MIKE:
He said that on the day, though, they went into lockdown. So it would seem that Morrison was not being well briefed by his state colleagues and the premier.

That, I think, points to some pretty significant communication problems within the Liberal Party. You know, if the PM is so out of the loop with what the state government is planning.

 

RUBY:
We'll be back after this.

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RUBY:
Mike, we're talking about the tension between the New South Wales Liberals and the federal government, particularly between Gladys Berejiklian and Scott Morrison. Can you tell me a bit more about what this kind of current standoff says about the relationship?

 

MIKE:
Well, it says a few things. I think, first, it highlights the different political styles of the Prime Minister and the Premier. You know, as one of her state supporters said, she's never been a person who lauded herself. Gladys has never said that we have the absolute gold standard ever.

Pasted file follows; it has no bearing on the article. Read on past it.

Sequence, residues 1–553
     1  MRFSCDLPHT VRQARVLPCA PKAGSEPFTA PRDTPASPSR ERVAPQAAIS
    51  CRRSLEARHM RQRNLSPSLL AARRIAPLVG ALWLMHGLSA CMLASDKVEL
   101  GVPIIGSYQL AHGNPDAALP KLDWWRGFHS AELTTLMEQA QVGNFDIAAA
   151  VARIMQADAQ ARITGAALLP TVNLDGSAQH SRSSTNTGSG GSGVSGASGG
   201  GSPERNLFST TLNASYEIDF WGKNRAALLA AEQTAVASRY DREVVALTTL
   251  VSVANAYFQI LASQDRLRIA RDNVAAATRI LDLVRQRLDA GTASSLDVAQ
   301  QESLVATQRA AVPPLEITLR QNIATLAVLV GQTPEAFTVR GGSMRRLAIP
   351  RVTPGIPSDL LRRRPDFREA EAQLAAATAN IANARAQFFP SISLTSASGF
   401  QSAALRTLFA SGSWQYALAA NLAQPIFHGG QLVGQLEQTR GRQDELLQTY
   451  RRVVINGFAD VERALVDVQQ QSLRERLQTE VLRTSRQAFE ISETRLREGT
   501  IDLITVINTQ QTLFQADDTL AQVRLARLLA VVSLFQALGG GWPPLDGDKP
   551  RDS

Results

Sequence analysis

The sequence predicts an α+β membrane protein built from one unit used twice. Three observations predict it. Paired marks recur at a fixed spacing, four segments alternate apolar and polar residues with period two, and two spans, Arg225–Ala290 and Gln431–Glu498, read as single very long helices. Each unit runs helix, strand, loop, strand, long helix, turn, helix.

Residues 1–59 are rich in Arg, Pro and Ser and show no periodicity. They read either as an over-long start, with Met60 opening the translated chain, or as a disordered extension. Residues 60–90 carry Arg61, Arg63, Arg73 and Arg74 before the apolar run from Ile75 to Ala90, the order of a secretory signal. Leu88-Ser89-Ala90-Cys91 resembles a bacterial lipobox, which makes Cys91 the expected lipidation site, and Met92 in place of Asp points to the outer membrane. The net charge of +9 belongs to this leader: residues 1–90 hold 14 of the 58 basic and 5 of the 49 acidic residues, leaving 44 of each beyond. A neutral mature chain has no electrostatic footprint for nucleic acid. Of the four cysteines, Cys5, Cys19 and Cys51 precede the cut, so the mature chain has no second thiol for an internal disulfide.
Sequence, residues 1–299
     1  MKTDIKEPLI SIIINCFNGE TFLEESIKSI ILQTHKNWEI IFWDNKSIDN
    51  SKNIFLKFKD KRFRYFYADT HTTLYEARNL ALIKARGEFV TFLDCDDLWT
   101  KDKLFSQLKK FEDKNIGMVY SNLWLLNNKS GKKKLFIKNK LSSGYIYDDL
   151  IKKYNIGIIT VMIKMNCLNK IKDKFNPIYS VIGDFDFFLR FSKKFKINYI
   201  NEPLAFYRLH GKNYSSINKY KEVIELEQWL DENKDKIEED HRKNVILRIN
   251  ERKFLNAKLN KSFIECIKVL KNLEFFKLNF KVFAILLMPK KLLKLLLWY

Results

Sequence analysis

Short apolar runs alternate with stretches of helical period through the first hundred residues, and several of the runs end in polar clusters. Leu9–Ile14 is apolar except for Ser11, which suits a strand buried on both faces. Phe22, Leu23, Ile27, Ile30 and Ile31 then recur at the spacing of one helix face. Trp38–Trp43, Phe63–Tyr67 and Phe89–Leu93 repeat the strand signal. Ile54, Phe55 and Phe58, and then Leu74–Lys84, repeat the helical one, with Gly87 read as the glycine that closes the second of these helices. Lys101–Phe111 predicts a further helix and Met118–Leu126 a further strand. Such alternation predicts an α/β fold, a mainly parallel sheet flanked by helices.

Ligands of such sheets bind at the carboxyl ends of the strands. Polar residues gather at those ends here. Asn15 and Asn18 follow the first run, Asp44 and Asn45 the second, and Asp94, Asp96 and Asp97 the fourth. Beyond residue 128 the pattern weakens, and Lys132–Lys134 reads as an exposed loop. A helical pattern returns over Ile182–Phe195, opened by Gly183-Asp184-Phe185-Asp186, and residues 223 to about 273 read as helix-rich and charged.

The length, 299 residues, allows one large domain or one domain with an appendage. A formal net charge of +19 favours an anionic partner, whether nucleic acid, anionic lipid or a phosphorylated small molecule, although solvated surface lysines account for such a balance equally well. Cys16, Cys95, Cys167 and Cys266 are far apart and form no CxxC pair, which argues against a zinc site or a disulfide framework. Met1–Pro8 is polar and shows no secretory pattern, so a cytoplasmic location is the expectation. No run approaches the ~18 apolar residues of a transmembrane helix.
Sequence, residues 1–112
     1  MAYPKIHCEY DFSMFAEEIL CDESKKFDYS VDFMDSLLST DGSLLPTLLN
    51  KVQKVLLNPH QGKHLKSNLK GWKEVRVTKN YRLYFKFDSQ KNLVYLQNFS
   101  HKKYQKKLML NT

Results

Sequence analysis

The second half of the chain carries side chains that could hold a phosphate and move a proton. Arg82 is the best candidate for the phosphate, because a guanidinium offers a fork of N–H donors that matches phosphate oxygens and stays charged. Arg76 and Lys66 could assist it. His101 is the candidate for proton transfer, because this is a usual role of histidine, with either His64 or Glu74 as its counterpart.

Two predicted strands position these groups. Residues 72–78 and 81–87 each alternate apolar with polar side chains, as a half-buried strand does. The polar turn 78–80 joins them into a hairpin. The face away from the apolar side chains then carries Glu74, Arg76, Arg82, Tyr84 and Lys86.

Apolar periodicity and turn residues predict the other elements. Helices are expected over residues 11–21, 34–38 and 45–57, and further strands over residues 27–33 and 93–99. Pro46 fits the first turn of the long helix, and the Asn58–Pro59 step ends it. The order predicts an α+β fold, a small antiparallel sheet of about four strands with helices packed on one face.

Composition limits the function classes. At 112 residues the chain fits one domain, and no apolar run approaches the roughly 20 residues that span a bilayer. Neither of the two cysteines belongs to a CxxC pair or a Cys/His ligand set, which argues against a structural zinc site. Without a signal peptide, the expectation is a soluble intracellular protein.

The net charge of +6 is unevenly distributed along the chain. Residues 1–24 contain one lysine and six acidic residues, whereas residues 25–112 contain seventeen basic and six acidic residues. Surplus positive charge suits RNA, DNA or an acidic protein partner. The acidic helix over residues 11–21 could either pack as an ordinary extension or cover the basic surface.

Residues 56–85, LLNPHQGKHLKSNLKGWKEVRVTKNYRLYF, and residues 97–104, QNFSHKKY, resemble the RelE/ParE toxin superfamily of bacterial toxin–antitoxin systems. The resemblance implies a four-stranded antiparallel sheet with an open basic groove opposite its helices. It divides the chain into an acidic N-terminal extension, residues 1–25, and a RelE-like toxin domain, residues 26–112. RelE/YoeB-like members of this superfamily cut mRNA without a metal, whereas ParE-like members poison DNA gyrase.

And while Berejiklian has inevitably come into some conflict with other leaders during the pandemic, you know, notably with Queensland over border closures, she didn't go out and gratuitously try to score political points. 

 

Archival tape -- Gladys Berejiklian:

“It's not for me to tell other premiers what they should be doing. But Kochie contact tracing has been critical…”

 

MIKE:
She was much less political and much more cautious. 

 

Archival tape -- Gladys Berejiklian:

“But what I can guarantee is that our public health network in New South Wales, I would contend, is well, best practise. Does that mean perfect? Not by a long shot…”

 

MIKE:
And as one of her colleagues said, that's because she understood quoting again that we're always one outbreak away from disaster and now that's happened. 

 

Archival tape -- Gladys Berejiklian:

“We'll have good days and bad days during the pandemic. But what's important is to learn from every single mistake that occurs, to learn from every new scenario, and then apply that to the future…”